BYU lizard researcher dusts off 30-year-old field notes for worldwide climate change study
When Brigham Young University biology professor Jack Sites spent summers in the late 1970s collecting lizards in Mexico, he had no idea his field notes would one day help form the foundation for a worldwide study that attributes local lizard extinctions to climate change. Sites is a coauthor on the paper published in this week's issue of Science. Led by Barry Sinervo, professor of ecology and evolutionary biology at the University of California, Santa Cruz, the study reports a global pattern of lizard die-offs in habitats unchanged except for rising temperatures.
The researchers surveyed lizard populations, studied the effects of rising temperatures on lizards, and used their findings to develop a predictive model of extinction risk. Their model accurately predicted specific locations on five continents (North and South America, Europe, Africa, and Australia) where previously studied lizard populations have already gone locally extinct. According to the model, if current trends continue, 20 percent of lizard species could go extinct by 2080.
The disappearance of lizard populations is likely to have repercussions up and down the food chain. Lizards are important prey for many birds, snakes, and other animals, and they are important predators of insects.
The study began when Sinervo noticed local lizard extinctions, one of which was among the lizards studied by Sites between 1977 and 1991.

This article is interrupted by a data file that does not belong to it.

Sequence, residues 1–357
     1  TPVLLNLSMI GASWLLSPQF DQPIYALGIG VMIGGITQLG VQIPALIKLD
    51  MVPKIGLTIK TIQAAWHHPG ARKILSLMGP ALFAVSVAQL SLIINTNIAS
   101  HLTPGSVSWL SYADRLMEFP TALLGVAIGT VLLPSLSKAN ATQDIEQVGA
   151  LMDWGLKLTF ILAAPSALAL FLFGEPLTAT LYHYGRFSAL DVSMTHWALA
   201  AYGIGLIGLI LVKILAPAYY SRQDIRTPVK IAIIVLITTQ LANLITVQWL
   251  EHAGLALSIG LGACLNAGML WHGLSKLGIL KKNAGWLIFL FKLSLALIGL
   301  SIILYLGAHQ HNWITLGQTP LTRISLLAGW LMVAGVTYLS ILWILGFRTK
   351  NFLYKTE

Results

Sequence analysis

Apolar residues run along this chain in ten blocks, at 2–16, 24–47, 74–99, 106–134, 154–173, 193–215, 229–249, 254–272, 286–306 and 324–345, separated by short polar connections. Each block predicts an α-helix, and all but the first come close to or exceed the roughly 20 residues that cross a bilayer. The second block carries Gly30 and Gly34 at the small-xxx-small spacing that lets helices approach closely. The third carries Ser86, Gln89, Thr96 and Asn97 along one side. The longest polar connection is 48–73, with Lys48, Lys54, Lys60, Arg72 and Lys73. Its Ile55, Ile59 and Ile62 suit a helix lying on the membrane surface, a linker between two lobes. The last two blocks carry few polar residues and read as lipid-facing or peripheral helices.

"I had provided a baseline data set with precise localities where the lizards were common," Sites explained. "But Mexican ecologists were going back every few years, and pretty soon the lizards were hard to find, and then they weren't seeing any. These are protected areas, so the habitat's still there. So you start to think there is something else going on."
Using Sites' field notes for comparison, Sinervo and collaborators resurveyed 48 species of spiny lizards (Sceloporus) at 200 sites in Mexico where the lizards had been studied between 1975 and 1995. They found that 12 percent of the local populations had gone extinct.
They later connected the lizards' decline to climate records and studied the effect of rising temperatures on lizard physiology and behavior. For example, cold-blooded lizards can't forage for food when their bodies get too hot – they must seek shade because they can't regulate their own temperature. The researchers found that the hours per day when the temperature allowed foraging dropped significantly.
Sites said that when the temperature increase hits during a critical month of the reproductive cycle, the lizards don't get enough energy resources to support a clutch of eggs or embryos.
"The heat doesn't kill them, they just don't reproduce," he said. "It doesn't take too much of that and the population starts to crash."
But for the phenomenon to be linked to climate change, the pattern would need to be seen globally. Sites connected Sinervo with researchers in Chile and Argentina, where Sites has been working for a decade. Sinervo also worked with researchers who documented lizard declines in Africa, Australia, and Europe.
"To get this kind of pattern, on five continents in 34 different groups of lizards, that's not random, that's a correlated response to something big," Sites said, adding that the effect appears to be happening too fast for the lizards to adapt.